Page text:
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The impact of a child's special health care needs on maternal work participation during early motherhood


Hauge, L J; Kornstad, T; Nes, R B; Kristensen, P; Irgens, L M; Eskedal, L T; Landolt, M A; Vollrath, M E (2013). The impact of a child's special health care needs on maternal work participation during early motherhood. Paediatric and Perinatal Epidemiology, 27(4):353-360.

Abstract

BACKGROUND:
Many women temporarily reduce work hours or stop working when caring for small children. However, mothers of children with special health care needs may face particular challenges balancing childrearing responsibilities and employment demands. This study examines how the work participation among mothers of children with special health care needs compares with that of mothers in general during early motherhood, focusing in particular on the extent of the child's additional health care needs.
METHODS:
By linkage of the population-based Norwegian Mother and Child Cohort Study with national registers on employment, child health care needs, and social background factors, 41,255 mothers employed prior to childbirth were followed until child age 3 years to investigate associations between the child's care needs and mother's dropping out of employment.
RESULTS:
In total, 16.3% of the formerly employed mothers were no longer employed at child age 3 years. Mothers of children with mild care needs did not differ from mothers in general, whereas mothers of children with moderate [Risk Ratio (RR) 1.45; 95% confidence interval (CI) 1.17, 1.80] and severe care needs [RR 2.19; 95% CI 1.67, 2.87] were at substantial risk of not being employed at follow-up. The impact of the child's health care needs remained strong also after adjusting for several factors associated with employment in general.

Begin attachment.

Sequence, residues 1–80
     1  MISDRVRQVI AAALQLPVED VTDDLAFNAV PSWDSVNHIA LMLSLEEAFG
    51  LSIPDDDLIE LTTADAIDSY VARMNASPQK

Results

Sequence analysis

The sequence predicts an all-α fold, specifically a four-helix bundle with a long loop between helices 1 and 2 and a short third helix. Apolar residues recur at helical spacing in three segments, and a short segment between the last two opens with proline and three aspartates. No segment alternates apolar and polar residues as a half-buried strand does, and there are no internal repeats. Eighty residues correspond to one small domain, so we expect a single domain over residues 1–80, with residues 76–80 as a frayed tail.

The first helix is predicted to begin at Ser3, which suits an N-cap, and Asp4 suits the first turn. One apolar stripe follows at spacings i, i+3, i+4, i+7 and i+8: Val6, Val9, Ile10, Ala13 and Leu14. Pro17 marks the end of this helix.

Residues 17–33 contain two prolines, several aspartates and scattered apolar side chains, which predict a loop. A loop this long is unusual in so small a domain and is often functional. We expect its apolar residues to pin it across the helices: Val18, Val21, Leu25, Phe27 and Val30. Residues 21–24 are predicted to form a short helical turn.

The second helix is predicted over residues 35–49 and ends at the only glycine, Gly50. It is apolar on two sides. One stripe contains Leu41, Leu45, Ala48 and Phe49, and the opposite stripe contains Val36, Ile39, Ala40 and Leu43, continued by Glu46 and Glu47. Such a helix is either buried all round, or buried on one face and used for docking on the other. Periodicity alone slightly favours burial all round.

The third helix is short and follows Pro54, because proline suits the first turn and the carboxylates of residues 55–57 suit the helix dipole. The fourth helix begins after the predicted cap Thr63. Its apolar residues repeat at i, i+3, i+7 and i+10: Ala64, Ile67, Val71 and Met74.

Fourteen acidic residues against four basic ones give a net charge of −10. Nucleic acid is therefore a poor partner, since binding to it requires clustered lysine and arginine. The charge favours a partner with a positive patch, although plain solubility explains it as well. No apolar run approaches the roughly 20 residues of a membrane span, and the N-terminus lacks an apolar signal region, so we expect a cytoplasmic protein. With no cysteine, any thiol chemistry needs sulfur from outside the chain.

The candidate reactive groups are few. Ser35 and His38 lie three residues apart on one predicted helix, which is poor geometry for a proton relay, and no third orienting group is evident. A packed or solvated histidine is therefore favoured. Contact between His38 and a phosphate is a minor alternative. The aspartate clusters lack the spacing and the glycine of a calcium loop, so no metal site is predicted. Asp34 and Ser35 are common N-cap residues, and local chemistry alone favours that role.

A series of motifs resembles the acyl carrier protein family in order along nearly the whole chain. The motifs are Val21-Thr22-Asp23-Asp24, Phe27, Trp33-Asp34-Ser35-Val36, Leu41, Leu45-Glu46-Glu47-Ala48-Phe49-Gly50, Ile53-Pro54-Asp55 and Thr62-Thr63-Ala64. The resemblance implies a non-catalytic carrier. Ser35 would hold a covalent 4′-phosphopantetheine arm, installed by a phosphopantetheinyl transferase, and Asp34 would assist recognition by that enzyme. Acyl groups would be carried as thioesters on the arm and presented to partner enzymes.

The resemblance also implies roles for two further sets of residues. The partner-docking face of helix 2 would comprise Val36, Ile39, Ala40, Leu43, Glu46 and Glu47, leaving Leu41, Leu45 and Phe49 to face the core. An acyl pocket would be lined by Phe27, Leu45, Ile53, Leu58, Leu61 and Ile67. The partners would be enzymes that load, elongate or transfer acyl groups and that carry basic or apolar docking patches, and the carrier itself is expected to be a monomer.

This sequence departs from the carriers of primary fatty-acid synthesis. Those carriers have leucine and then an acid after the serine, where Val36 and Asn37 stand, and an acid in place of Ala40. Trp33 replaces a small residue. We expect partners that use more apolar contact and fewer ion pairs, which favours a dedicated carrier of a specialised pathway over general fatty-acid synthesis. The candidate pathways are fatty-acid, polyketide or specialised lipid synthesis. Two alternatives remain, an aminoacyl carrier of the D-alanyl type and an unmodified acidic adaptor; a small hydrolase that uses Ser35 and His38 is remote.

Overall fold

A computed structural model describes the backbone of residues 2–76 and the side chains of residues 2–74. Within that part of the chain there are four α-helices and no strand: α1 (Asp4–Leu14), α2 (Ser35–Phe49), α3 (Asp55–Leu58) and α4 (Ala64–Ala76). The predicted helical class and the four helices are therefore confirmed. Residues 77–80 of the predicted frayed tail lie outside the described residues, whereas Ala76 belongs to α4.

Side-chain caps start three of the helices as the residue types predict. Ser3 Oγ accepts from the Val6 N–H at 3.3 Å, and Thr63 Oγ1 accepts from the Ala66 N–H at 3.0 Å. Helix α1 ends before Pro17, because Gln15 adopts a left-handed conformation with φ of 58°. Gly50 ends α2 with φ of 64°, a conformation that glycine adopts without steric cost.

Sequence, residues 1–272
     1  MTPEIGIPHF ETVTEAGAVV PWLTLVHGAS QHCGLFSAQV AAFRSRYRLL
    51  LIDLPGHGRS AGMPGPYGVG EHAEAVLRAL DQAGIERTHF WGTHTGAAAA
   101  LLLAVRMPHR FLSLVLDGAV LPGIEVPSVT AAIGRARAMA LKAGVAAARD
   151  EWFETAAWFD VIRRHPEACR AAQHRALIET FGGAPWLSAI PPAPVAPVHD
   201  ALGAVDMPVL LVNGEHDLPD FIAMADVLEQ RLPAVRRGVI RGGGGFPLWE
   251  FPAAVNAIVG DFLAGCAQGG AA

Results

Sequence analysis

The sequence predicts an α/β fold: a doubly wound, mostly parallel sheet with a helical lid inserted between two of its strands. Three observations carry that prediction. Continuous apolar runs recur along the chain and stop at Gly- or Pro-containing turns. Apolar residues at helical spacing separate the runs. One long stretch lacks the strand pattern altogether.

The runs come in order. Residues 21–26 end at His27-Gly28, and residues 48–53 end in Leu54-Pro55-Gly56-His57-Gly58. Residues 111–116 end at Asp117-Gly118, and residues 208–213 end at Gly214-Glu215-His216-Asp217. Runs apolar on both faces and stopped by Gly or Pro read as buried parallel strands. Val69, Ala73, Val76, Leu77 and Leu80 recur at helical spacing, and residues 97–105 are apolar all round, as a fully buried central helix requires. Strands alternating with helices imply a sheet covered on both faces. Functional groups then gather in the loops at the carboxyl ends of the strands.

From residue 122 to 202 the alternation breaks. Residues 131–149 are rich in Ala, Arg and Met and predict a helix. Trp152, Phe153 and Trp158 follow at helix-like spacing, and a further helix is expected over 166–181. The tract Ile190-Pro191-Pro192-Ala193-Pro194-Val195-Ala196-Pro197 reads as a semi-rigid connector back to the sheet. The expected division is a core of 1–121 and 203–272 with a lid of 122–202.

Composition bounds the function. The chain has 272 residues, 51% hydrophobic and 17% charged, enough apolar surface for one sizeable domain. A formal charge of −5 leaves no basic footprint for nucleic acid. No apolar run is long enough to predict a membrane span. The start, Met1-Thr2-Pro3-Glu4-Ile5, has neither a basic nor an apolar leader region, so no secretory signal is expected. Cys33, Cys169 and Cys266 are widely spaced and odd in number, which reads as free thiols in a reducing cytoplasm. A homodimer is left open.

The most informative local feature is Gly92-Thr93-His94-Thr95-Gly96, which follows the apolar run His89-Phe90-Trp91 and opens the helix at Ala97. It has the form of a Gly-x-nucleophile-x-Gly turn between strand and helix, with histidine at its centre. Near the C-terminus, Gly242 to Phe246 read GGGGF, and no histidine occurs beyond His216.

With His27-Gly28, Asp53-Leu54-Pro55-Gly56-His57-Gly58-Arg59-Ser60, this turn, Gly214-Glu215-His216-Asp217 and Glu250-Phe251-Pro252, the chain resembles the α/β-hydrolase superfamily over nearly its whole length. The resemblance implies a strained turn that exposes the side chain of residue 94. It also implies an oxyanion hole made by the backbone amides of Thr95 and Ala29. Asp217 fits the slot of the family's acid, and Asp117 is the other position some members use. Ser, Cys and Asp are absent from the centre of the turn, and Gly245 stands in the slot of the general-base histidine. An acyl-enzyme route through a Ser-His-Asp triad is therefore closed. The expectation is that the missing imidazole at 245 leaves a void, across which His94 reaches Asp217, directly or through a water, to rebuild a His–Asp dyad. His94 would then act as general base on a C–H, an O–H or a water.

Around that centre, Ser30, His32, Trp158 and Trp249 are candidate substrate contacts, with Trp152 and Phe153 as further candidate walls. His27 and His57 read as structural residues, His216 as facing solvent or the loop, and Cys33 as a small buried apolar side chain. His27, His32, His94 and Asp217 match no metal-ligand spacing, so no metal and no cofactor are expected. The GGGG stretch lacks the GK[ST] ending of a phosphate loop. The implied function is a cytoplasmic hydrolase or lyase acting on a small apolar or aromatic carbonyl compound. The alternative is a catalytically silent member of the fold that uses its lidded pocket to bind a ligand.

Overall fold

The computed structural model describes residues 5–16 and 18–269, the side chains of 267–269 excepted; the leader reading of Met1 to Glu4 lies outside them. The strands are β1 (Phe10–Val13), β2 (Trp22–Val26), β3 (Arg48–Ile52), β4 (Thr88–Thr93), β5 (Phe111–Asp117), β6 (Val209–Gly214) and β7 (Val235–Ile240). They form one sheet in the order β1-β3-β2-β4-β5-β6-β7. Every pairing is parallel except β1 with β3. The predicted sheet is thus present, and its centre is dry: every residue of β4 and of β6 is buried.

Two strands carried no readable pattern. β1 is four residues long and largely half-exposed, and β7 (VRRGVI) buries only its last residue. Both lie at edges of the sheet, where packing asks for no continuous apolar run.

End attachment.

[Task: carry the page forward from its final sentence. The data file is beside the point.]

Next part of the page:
CONCLUSIONS:
Extensive childhood health care needs are associated with reduced short-term employment prospects and remain a substantial influence on mothers' work participation during early motherhood, irrespective of other important characteristics associated with maternal employment.

Abstract

BACKGROUND:
Many women temporarily reduce work hours or stop working when caring for small children. However, mothers of children with special health care needs may face particular challenges balancing childrearing responsibilities and employment demands. This study examines how the work participation among mothers of children with special health care needs compares with that of mothers in general during early motherhood, focusing in particular on the extent of the child's additional health care needs.
METHODS:
By linkage of the population-based Norwegian Mother and Child Cohort Study with national registers on employment, child health care needs, and social background factors, 41,255 mothers employed prior to childbirth were followed until child age 3 years to investigate associations between the child's care needs and mother's dropping out of employment.
RESULTS:
In total, 16.3% of the formerly employed mothers were no longer employed at child age 3 years. Mothers of children with mild care needs did not differ from mothers in general, whereas mothers of children with moderate [Risk Ratio (RR) 1.45; 95% confidence interval (CI) 1.17, 1.80] and severe care needs [RR 2.19; 95% CI 1.67, 2.87] were at substantial risk of not being employed at follow-up. The impact of the child's health care needs remained strong also after adjusting for several factors associated with employment in general.
CONCLUSIONS:
Extensive childhood health care needs are associated with reduced short-term employment prospects and remain a substantial influence on mothers' work participation during early motherhood, irrespective of other important characteristics associated with maternal employment.

Citations

4 citations in Web of Science®
3 citations in Scopus®
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Additional indexing

Item Type:Journal Article, refereed, original work
Communities & Collections:04 Faculty of Medicine > University Children's Hospital Zurich > Medical Clinic
Dewey Decimal Classification:610 Medicine & health
Language:English
Date:27 July 2013
Deposited On:20 Aug 2013 06:52
Last Modified:05 Apr 2016 16:55
Publisher:Wiley-Blackwell
ISSN:0269-5022
Funders:Norwegian Research Council
Publisher DOI:https://doi.org/10.1111/ppe.12063
PubMed ID:23772937

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